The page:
Fernandez, who threw 76 pitches in five innings on Friday against the Braves at Turner Field, returned to Miami on Saturday, where he was examined by team physician, Dr. Lee Kaplan. At the time, the club was calling his ailment "right shoulder stiffness."
The fact there is no structural damage is reason for encouragement.
The Marlins are expected to call up left-hander Justin Nicolino from Triple-A New Orleans to start against the Red Sox on Tuesday.
Fernandez, who missed nearly 14 months due to Tommy John surgery, rejoined the rotation on July 2. In seven starts, he's 4-0 with a 2.30 ERA in 43 innings.
Ideally, the club would like to see him back on the mound before the season ends.
"When I spoke with Jose this morning, I think he definitely has peace of mind as to, 'What now?'" manager Dan Jennings said. "Hopefully, the inflammation will get out of there and we can get him healthy, and get him back."
Since coming back, the Marlins have taken a "common sense" approach with their young ace. He threw 112 pitches against the Padres on Aug. 2, and followed that up with his 76 pitches on Friday, including a 38-pitch fourth inning.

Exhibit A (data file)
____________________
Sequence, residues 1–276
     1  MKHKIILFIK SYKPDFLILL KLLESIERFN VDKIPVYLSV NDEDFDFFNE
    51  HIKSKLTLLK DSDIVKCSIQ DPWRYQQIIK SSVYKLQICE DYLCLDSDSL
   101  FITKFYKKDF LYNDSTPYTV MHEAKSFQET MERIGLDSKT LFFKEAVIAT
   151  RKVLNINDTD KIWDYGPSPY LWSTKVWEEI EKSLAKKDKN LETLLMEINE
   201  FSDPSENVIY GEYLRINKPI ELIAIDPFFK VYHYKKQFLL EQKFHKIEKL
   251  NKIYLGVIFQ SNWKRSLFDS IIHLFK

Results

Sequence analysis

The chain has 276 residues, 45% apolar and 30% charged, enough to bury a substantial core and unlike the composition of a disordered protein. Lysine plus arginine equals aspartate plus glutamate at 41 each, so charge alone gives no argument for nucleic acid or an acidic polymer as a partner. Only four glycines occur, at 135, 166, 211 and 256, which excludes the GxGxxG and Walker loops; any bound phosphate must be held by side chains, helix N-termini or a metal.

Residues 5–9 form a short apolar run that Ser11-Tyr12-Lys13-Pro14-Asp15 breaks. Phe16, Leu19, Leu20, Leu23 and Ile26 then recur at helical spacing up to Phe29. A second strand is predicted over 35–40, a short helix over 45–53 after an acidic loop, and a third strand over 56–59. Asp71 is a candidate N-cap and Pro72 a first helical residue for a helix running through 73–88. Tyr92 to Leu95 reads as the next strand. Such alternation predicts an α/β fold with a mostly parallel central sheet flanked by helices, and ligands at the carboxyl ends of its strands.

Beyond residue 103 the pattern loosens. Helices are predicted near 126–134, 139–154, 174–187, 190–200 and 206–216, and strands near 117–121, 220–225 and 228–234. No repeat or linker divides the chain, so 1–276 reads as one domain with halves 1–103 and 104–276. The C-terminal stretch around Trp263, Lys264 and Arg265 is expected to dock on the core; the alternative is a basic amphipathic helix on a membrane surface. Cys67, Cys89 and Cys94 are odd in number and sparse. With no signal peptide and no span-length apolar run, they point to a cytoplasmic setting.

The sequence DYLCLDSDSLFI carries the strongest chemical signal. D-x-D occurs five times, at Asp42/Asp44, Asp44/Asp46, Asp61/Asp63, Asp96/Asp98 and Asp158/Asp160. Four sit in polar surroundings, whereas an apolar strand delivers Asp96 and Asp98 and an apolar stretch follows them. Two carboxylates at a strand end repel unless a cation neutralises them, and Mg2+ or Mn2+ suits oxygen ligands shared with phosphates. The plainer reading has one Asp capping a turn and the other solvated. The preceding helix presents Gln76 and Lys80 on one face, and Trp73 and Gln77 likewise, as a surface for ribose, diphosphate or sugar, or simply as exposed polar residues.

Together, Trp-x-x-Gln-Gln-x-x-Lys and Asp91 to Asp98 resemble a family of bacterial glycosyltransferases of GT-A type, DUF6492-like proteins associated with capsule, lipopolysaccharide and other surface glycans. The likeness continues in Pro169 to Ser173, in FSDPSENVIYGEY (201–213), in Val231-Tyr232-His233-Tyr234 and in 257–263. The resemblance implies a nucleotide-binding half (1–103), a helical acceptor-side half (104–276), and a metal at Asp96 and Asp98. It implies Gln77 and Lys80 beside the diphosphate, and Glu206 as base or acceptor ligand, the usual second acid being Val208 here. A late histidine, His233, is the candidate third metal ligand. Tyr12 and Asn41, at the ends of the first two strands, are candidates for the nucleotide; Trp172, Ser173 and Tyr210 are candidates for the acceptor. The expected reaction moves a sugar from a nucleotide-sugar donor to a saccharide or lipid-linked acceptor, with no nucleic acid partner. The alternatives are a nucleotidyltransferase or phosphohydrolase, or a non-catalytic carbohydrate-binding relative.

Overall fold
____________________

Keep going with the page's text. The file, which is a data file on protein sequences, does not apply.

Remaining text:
"Now that we have it identified, I think we'll have a better understanding on how exactly to treat it," Jennings said. "I'd like to see him pitch. I think he wants to pitch, in talking to him this morning."
Fernandez's velocity reached as high as 98 mph on Friday, which he touched three times. His final pitch of the night was a 94- mph fastball.
One reason Fernandez is so dominant is he commands four pitches, fastball, slider, curveball and changeup. Of the 76 pitches he threw on Friday, according to MLB.com's Gameday tracking, 38 were fastballs (either two or four seam) and 27 were breaking balls (slider or curve), plus 11 changeups.
In his 38-pitch fourth, he threw 18 breaking pitches, 15 fastballs and five changeups.
Miami is in last place in the National League East, and the club has no reason to rush Fernandez back.
"Now we have to be smart of where we are in this season," Jennings said. "He's worked extremely hard. You know how competitive he is. But we won't do it until we know he's back 100 percent. There is no need to push it or rush it."